With events organized by faculty members and representatives of Andover’s Afro-Latino-American Society (Af-Lat-Am), a club that discusses topics within the black and latinx community, Ando ver will observe Black History Month this February. Black History Month is observed annually in the United States and Canada in February, but in the United Kingdom it is observed in October. The month aims to commemorate important people and events in black history.
Af-Lat-Am kicked off the month with screenings of “Fruitvale Station” and “I Can Do Bad All By Myself” as well as a “Luke Cage” marathon. In addition, Af-Lat-Am will host a Black Arts Coffeehouse, a Black Arts Regional dance, a Drama Lab about Martin Luther King Jr. and the night before his death, a reading by poet Nate Marshall, an assortment of faculty speakers, and a vigil for black victims of police brutality.
Keely Aouga ’19, a board member of Af-Lat-Am, said, “Many of the things we’re doing aren’t like lectures… people watch movies and then they can learn from the movie. Also, especially last year, the Coffeehouse was a big hit with many people, and it was the black students on campus showing parts of their art. So, from that people can see… a part of who we are. And [there are] faculty members speak- ing… [and] if these are your teachers, of course you want to know what they’re saying or their thoughts on things so hopefully that will also draw many people.”
Aouga believes that the events Af-Lat-Am has planned for this month are important because they acknowledge and celebrate the achievements of people who have contributed to the legacy of the United States. She stated that celebrating black history is a way of showing that the successes and contributions of all people matter.
“I think [black history] is important to remember because America was built off of slaves. And to ignore the history of black people is to ignore all the work that the ancestors of black people have done to contribute to this country… It’s always important to acknowledge the people who have contributed to where we are now, especially people of color, in this case black people. Usually, as people of color, your success is either not appreciated or it’s ignored. We always have to pay attention,” said Aouga.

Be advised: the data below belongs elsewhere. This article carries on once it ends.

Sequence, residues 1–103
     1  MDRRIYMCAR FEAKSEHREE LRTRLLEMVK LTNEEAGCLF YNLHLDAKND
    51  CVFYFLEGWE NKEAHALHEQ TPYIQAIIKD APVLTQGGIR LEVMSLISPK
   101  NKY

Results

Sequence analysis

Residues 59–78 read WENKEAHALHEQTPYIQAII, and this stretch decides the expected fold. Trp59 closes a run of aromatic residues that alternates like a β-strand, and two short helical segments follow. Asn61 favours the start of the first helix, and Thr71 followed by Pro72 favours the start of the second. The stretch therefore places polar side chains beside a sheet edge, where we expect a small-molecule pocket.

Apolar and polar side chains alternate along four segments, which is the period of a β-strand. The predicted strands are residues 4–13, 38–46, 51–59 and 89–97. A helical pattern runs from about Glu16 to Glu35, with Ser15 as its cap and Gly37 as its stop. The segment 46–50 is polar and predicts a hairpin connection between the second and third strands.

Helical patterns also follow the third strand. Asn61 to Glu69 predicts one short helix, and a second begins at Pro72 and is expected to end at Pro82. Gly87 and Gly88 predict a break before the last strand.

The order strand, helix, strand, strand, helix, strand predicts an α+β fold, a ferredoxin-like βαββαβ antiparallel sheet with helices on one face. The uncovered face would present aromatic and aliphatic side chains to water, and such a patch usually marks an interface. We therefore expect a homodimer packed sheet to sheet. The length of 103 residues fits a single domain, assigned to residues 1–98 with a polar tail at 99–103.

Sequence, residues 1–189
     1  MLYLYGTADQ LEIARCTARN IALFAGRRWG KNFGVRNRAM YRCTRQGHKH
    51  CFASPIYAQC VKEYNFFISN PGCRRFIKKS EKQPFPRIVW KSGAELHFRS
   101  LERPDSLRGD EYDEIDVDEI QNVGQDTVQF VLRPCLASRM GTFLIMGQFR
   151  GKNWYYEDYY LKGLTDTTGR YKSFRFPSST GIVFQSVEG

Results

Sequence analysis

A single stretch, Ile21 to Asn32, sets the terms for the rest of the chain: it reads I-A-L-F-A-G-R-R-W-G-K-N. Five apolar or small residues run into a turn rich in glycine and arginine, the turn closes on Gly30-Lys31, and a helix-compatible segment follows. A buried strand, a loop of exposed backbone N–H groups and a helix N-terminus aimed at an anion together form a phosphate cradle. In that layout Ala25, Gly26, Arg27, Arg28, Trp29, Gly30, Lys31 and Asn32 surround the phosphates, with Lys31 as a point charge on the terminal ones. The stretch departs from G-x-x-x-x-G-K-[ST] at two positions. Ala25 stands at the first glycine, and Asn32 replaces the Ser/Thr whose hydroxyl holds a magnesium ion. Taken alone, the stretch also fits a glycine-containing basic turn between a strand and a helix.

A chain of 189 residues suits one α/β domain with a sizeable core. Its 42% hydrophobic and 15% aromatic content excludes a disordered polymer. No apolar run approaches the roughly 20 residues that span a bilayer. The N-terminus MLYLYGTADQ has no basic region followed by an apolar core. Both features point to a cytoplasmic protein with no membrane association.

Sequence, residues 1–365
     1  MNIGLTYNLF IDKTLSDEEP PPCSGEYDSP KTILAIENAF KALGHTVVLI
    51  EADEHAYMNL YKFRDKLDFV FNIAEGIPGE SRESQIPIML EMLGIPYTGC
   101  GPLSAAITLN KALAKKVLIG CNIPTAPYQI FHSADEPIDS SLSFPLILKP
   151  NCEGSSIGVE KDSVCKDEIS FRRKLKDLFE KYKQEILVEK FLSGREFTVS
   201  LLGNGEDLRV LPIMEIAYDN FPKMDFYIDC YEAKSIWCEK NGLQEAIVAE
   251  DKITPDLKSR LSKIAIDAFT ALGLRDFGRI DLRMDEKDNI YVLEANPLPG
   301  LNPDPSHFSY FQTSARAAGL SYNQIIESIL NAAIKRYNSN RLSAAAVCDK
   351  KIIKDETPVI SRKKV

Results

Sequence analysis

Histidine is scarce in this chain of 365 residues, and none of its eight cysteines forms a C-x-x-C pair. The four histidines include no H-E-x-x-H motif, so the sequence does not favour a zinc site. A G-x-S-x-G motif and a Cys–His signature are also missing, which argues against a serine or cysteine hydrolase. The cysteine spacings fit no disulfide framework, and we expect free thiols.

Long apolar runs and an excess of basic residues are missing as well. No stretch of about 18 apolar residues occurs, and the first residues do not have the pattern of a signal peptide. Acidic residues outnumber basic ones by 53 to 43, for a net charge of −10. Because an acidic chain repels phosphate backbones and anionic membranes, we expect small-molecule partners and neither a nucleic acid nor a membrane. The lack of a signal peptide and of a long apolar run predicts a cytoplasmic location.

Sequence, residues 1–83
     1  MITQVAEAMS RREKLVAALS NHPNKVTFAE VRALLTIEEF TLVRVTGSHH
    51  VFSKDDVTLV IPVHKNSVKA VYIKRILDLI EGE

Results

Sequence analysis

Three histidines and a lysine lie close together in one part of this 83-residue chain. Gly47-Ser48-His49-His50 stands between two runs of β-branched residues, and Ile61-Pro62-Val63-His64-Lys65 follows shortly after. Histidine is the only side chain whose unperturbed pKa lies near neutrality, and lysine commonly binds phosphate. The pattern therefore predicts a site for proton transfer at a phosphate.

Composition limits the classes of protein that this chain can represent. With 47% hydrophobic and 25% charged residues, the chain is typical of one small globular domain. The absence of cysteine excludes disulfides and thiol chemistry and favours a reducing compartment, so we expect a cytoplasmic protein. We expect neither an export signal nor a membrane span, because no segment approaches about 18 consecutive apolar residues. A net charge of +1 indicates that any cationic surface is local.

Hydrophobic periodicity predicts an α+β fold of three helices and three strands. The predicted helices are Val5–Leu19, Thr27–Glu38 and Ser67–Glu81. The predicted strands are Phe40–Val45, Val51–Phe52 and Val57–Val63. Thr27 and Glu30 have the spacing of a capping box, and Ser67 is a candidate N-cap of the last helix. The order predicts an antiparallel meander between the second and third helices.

Ava Stills ’19, another board member of Af-Lat-Am, hopes that the events this month will draw students from all different backgrounds. She explained that the goal of this month is helping students have a better understanding of and appreciation for the achievements and struggles of the black community.
“We want… people [to] feel comfortable coming… it’s not just for a select group of people…We try and stress the fact that you don’t have to identify with something to be a part of it and to care about it. First of all, it affects you in ways that you don’t really know about and you probably have never thought about. But even when it doesn’t affect you really strongly, it still should matter to you… it’s okay to care about issues that aren’t necessarily yours. Our goal is [for students] to have a better understanding of something that isn’t necessarily theirs, and if it is theirs, to appreciate it more,” said Stills.
In past years, Andover has celebrated Black History Month solely with Black Arts Weekend. By planning events for the entire month of February, Af-Lat-Am intends to take advantage of the opportunity of the entire month to honor the achievements of black people.
Aouga said, “It’s called Black History Month and we wanted to take advantage of that month, especially because we don’t have a lot of time throughout the year where we get to have a lot of events in honor of black people.”
“[Black history] should matter more than just a weekend, it should be bigger than that,” Stills said.